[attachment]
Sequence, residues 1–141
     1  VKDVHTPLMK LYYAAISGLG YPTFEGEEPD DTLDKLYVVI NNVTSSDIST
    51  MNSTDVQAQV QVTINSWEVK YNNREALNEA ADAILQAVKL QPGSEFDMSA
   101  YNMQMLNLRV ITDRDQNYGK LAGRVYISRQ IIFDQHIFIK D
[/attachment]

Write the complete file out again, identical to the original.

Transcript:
Sequence, residues 1–141
     1  VKDVHTPLMK LYYAAISGLG YPTFEGEEPD DTLDKLYVVI NNVTSSDIST
    51  MNSTDVQAQV QVTINSWEVK YNNREALNEA ADAILQAVKL QPGSEFDMSA
   101  YNMQMLNLRV ITDRDQNYGK LAGRVYISRQ IIFDQHIFIK D